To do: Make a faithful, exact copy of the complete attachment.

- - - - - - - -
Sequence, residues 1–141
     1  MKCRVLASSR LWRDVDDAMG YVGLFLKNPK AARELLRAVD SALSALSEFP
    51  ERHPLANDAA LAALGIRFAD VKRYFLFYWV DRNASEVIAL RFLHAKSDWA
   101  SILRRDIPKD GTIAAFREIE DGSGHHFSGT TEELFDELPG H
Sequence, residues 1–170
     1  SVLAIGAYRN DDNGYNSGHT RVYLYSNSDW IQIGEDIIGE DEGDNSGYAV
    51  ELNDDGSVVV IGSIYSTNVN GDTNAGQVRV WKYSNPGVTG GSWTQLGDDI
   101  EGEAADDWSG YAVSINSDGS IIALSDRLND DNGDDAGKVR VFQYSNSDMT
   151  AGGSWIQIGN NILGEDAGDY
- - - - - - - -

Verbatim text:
Sequence, residues 1–141
     1  MKCRVLASSR LWRDVDDAMG YVGLFLKNPK AARELLRAVD SALSALSEFP
    51  ERHPLANDAA LAALGIRFAD VKRYFLFYWV DRNASEVIAL RFLHAKSDWA
   101  SILRRDIPKD GTIAAFREIE DGSGHHFSGT TEELFDELPG H
Sequence, residues 1–170
     1  SVLAIGAYRN DDNGYNSGHT RVYLYSNSDW IQIGEDIIGE DEGDNSGYAV
    51  ELNDDGSVVV IGSIYSTNVN GDTNAGQVRV WKYSNPGVTG GSWTQLGDDI
   101  EGEAADDWSG YAVSINSDGS IIALSDRLND DNGDDAGKVR VFQYSNSDMT
   151  AGGSWIQIGN NILGEDAGDY